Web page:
Helen Leahy is specialist advisor for Te Rūnanga o Ngāi Tahu/Te Pūtahitanga o Te Waipounamu (Whānau Ora Commissioning Agency). She was formerly ministerial advisor and Chief of Staff of the Māori Party, and during the 2014 general election, she was national secretary for the Māori Party.
Here is 5 minutes with Helen Leahy!
What are you reading at the moment?
I like to have a few books on the go at the same time: currently it’s Sky Burial, an epic love story of Tibet (Xinran); How to change the world: Social entrepreneurs and the power of new ideas (David Bornstein) and Māori Boy: a memoir of childhood (Witi Ihimaera). I love story-telling, dream-making, episodes of innovation – and my reading habits often reflect that – the stories that others like to share always helps me see a little further, imagine more.
Who is your favourite fictional character?
I have a favourite line that comes from E. M Forster’s Howards End (1910) about the character Margaret Schlegel, one of three sisters who spends her life endeavouring to protect the rich cultural heritage of the home at Howard’s End, while at the same time doing what she could to bring different families together, to address deep-seated prejudices and to create relationships of strength and beauty. I often think of the two words, ‘only connect’ when I face particular challenges. “Only connect! That was the whole of her sermon. Only connect the prose and the passion, and both will be exalted, and human love will be seen at its height. Live in fragments no longer.”
We all have one book we’re a bit ashamed of loving – do you have one?
One of the first books that gave me the space to imagine a different world was The Far-Away Tree by Enid Blyton. Every week, Jo, Bessie and Fanny would climb up the tree-tops and encounter a fabulous new world of fantasy and wonder. Along the way they had to avoid the dirty water being emptied by Dame Washalot; the noise and havoc of the Saucepan Man, or the frequent smacks of Dame Slap, whom I understand has now been sanitised to ‘Dame Snap’. It’s probably not politically correct to say so, but I loved the book – I loved the trees whispering wisha-wisha-wisha; MoonFace and Silky the Pixie, and most of all the everchanging worlds: the Land of Do-what-you-Please; the Land of Goodies; the Land of Spells.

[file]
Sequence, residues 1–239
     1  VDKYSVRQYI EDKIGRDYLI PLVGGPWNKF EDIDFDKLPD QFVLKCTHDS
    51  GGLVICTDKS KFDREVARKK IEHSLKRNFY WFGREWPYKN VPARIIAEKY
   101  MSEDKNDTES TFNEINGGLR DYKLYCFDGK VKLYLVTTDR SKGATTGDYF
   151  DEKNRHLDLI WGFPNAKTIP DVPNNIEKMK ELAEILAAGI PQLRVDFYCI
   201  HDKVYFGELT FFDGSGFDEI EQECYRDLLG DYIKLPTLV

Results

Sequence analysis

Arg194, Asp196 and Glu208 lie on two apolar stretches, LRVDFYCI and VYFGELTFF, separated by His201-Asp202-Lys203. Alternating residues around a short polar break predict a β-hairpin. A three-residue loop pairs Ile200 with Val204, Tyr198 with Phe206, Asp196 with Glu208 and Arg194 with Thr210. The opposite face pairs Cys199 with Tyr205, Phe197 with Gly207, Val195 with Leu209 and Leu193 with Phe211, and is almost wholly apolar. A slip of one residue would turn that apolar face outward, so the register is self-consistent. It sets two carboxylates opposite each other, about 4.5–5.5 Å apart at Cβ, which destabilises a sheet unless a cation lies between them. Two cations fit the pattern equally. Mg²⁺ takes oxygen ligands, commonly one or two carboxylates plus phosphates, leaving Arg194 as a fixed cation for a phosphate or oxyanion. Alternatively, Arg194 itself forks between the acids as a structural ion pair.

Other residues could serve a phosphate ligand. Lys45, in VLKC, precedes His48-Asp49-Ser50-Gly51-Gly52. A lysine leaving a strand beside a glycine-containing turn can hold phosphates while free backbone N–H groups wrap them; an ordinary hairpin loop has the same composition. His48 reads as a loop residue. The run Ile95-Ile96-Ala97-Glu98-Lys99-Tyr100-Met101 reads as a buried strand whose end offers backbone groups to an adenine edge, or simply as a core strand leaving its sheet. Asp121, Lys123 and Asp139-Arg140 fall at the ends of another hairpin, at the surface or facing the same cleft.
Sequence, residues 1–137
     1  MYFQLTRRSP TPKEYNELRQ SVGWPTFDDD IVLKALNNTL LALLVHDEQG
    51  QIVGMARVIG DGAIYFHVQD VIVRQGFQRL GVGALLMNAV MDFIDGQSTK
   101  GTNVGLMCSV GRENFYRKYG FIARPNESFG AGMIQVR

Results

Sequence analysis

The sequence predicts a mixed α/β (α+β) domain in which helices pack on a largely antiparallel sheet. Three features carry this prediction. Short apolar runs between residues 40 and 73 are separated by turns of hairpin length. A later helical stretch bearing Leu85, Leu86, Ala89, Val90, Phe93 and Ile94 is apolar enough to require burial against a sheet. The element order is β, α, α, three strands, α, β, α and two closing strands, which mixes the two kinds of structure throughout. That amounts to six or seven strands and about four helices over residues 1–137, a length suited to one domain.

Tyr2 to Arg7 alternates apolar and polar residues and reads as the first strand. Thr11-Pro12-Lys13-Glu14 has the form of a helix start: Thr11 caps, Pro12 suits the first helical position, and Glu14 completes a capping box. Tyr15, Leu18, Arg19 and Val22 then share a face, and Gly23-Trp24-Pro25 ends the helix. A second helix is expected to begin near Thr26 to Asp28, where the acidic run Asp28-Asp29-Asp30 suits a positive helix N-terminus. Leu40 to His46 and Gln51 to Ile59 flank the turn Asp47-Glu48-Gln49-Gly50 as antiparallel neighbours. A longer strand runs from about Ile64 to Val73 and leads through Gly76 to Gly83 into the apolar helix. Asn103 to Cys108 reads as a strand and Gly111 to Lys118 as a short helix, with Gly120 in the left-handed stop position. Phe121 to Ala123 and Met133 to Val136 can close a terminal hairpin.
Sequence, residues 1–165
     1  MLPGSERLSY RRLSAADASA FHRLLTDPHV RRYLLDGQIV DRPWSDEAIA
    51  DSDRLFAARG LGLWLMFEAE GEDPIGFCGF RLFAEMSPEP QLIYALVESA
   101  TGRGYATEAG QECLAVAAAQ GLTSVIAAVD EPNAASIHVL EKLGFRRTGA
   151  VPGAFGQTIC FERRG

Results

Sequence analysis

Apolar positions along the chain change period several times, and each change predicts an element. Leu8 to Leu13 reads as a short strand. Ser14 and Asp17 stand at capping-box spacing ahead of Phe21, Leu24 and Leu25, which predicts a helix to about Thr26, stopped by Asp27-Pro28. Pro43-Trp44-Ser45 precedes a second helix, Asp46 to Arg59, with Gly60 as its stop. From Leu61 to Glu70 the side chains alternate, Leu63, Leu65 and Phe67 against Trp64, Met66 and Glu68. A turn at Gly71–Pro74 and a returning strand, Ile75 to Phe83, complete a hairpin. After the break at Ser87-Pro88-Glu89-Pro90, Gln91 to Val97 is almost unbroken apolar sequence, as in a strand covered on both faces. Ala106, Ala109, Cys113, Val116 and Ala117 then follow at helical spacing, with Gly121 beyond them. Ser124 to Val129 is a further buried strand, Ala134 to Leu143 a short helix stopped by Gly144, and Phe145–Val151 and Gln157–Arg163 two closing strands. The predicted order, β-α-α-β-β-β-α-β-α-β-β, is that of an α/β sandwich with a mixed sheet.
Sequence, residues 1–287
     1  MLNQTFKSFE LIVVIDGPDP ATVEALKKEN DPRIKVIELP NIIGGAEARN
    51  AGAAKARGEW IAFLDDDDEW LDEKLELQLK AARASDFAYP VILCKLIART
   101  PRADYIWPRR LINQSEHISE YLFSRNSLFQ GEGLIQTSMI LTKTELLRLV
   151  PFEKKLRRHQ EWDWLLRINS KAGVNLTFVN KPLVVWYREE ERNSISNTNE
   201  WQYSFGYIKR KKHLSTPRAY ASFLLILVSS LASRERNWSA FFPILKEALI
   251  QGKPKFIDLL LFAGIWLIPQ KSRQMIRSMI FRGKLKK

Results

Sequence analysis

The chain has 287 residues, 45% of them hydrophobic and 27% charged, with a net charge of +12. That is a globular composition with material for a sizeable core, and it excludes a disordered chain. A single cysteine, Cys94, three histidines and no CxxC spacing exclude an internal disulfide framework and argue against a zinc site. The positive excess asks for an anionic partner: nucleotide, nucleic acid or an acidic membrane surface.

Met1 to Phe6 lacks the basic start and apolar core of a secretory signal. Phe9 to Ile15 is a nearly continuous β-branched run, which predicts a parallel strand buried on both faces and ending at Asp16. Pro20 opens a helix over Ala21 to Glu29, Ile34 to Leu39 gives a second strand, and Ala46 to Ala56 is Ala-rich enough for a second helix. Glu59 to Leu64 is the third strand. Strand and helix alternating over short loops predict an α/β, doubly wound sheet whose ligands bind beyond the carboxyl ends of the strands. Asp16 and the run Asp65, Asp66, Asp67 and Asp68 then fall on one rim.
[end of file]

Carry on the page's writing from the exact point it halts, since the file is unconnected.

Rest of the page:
What’s the most unusual item in/on your desk?
I have a Newton’s Cradle – five metal balls suspended in a cradle- and while they demonstrate action and reaction, it also reminds me to think before I speak – to be mindful of consequences, to consider the downstream effects of any decisions we make. And the swinging pendulum is hypnotic!
Is there a book that you’ve never read but wish that you had?
Sitting on my bedside table is The Luminaries by Eleanor Catton (2013). I keep waiting for that decent chunk of time when I can immerse myself in the book and not be interrupted by the urgency of daily life. It’s probably what some might say about Crossing the Floor!
Why did you decide to write Crossing the Floor?
I always felt I had the greatest privilege to sit at the table with Whaea Tariana and hear lessons in wisdom passed down, whether it be about policy, politics or personal growth. Her vision and her example was so inspiring – to bring out the essence in who we are, to stay strong to matters of principle, to reach wide and bring others along with us. I felt a great sense of responsibility that her legacy should not remain captured in the pages of Hansard alone. I knew that her story would generate fresh thinking on issues such as cultural competency; on models of self-determination, on the foundation for whānau wellbeing. I wanted that story to be treasured by her mokopuna, but also to stand as a tribute to a great leader; a leader that truly believed that the people are the greatest architects of their own destiny.
Do you have a book that you always go back to?
As a year two teacher, I took up the opportunity provided by teaching seventh form English, to motivate my budding scholars with a recent New Zealand text. I chose The Bone People by Keri Hulme. I’d have to say it wasn’t universally a popular choice but I cherished every word and I hope that some of my students also fell in love with the writing and the writer. Keri Hulme offered us intimate insights into a world of struggle; a constantly evolving journey into relationships; evocative landscapes, and poetic language that was both tantalising and testing.
“They were nothing more than people by themselves. Even paired, any pairing, they would have been nothing more than people by themselves. But all together they have become the heart and muscles and mind of something perilous and new, something strange and growing and great. Together, all together, they are the instruments of change."
Which writers inspire you?
Patricia Grace, Katherine Mansfield, Alice Walker, Janet Frame, Maya Angelou, Maeve Binchley, Witi Ihimaera, Fiona Kidman, Whatarangi Winiata, Hana O’Regan: writers who tell stories about who we are, whether in this land or beyond; vignettes of daily life, of whānau ora, of values to believe in.
What do you think was the hardest thing about writing Crossing the Floor?
The most challenging aspect of Crossing the Floor was that in writing Dame Tariana’s story I needed to go to whānau, friends, political allies, health workers, academics, critics, politicians of present and past regimes – and each of them had fascinating experiences that frequently reflected more about the storyteller than the subject of my book. The editorial team firmly reminded me that the book was a story about Tariana – not everyone else I wanted profiled within the text – and that I had to exercise some discipline (which I interpreted as a cruel slash and burn of transcript material) if I was ever to publish.